terms of “How low can we go?” But again, for the patients we’re talking about, these targets I think are quite good.
Suprachoroidal has a vast resorp [sounds like 26:37] to potential and the suprachoroidal space is fairly easy to use, it can be gonial free as well. So I think it has a lot of value from that perspective, and it’s a very straight forward procedure. The suprachoroidal space is one of those unknowns. It keeps aqueous internally as well. We don’t know a lot about uveoscleral outflow, as much as we’d like to. We don’t know how things behave in areas in those spaces and that is why I think this is the unknown, but so far what we’ve seen has been very promising. And the subconjuctival, last, clearly very potent. I think approaching it from an ab interno way enhances the safety and the characteristics of the procedure. Potency I think is positive. I think we also have to think about
how things happen outside the eye or around the eye in terms of the differences. They all have pros and cons. I look at these as perhaps something that, for a lifetime of a patient, we may be using one MIGS device and then later on maybe another MIGS device to add to it. The beauty of all of these is that they don’t, like other procedures, effect the result of what the next set will be, which I think is a real valuable mix.
Rick Lewis: Was that just one answer you were supposed to give or is that multiple?
Ike: I should have had Rick first.
Rick Lewis: I think Ike is always a tough act to follow, but I think that the one piece that wasn’t discussed is the fact that when we’re talking about glaucoma, we’re not just talking about open angle glaucoma. In fact, the biggest problem in Asia, in China, is angle closure glaucoma, and that’s where these canal based procedures are not going to work because we can’t get access to the canal. I think the good thing about these is we have procedures that will work in open angle and we have the AqueSys procedure that will work in all of these procedures. There’s a variety of
different approaches now other than what we had for many years which was trabeculectomy. So we now have a spectrum of options which are great.
Dr. Kerry Solomon: It seems to me that these devices are somewhat additive? Would you agree Ike? If your patient doesn’t get a good enough result with one you could move to a different space or a different type of procedure?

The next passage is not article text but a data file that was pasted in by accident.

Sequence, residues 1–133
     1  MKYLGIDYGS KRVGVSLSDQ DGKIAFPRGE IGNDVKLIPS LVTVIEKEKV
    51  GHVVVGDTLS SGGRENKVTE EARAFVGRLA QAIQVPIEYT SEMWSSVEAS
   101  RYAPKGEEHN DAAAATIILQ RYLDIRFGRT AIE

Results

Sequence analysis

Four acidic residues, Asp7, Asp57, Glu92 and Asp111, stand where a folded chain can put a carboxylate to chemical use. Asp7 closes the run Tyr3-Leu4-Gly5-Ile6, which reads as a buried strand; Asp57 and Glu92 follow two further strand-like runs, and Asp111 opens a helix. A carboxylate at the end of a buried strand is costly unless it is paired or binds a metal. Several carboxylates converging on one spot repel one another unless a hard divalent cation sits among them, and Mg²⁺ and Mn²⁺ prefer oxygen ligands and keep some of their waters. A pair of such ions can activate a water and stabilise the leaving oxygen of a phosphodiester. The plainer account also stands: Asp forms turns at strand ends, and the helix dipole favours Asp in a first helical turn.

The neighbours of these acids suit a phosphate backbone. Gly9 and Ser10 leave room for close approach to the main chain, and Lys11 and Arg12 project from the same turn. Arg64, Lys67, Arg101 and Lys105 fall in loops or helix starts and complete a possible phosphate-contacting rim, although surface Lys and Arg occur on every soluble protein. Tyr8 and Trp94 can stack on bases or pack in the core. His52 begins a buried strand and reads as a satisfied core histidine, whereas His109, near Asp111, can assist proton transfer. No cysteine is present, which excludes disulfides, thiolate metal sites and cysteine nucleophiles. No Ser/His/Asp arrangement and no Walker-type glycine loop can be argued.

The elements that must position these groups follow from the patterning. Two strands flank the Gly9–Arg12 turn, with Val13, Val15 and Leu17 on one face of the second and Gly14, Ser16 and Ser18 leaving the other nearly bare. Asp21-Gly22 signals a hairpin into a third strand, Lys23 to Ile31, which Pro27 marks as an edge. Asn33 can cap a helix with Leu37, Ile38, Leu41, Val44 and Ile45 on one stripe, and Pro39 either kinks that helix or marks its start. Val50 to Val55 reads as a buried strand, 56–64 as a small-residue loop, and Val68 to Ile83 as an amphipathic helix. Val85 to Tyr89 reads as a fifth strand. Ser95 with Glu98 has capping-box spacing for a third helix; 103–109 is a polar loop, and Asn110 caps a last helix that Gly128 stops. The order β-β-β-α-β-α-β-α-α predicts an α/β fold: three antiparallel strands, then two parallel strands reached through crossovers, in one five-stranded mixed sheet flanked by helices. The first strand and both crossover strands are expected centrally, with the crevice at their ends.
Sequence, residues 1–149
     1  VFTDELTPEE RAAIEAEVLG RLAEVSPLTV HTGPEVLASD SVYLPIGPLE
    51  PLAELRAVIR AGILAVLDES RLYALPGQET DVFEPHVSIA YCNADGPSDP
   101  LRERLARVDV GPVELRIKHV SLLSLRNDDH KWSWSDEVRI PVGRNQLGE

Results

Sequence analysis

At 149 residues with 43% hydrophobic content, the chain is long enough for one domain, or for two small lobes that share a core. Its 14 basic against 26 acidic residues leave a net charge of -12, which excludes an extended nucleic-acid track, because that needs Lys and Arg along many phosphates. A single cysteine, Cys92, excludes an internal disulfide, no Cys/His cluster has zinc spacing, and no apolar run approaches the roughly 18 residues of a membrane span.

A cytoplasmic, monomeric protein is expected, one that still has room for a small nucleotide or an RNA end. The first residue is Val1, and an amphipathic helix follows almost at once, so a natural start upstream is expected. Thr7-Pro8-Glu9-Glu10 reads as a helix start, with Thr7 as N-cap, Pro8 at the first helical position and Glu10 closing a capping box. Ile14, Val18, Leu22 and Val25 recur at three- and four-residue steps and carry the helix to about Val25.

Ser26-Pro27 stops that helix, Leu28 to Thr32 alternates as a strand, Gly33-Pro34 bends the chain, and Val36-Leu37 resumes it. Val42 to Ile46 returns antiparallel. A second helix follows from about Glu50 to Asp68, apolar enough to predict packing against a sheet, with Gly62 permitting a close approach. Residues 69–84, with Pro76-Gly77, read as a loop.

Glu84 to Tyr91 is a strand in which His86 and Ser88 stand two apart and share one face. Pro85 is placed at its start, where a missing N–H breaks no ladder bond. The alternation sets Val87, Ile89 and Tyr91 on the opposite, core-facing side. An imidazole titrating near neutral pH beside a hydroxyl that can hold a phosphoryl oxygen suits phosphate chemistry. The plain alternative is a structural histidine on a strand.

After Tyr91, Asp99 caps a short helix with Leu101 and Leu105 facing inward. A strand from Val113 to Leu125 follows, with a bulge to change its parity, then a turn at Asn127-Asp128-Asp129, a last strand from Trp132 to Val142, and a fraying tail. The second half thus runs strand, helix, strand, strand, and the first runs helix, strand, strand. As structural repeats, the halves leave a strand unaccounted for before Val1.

Ike: I think theoretically that’s a tremendous value. To direct aqueous to different spaces where they may be in whatever order is something we haven’t fully uncovered yet, I think maybe we have potential.
Dr. Kerry Solomon: From my standpoint as a cataract surgeon, one of the things that would be a deal breaker for me is it slows me down in the operating room or as an owner of a surgery center, if it’s going to tie up a lot of time and create a lot of inefficiencies in the system. I’ve been incredibly surprised, having no experience with gonioscopy, how quickly I was able to pick it up. All of my partners and surgeons at our facility, it’s been very efficient, it’s been very effective. It seems like the rest of the devices that I saw presented, all are similar. I don’t know if Rick or Ike want to address that, I don’t know if you have more experience.
Rick Lewis: I think you hit the nail on the head. Again, assuming an open angle, I think that all of these devices have a huge role. It will be very interesting when we get comparative trials, to compare one of the devices against another one or a couple of devices verses each other. There’s so much opportunity to see what’s the maximal pressure reduction. If we could titrate pressure reduction down to a specific level, to a custom level, we’d probably be able to control this disease effectively.
Ike: There’s a tremendous amount of learning just as we’re using these devices. We’re talking about pivotal trials, being able to build on that and learn what their roles are I think is really a great interest. I think there’s vast potential here, we’re just scratching the surface. Clearly, in my practice, there’s no question on how it’s changed things. Completely different as far as what we were doing five or six years ago. I think we need to go through the right steps, the right studies, the right basic science and analytical work, but it’s very,very promising.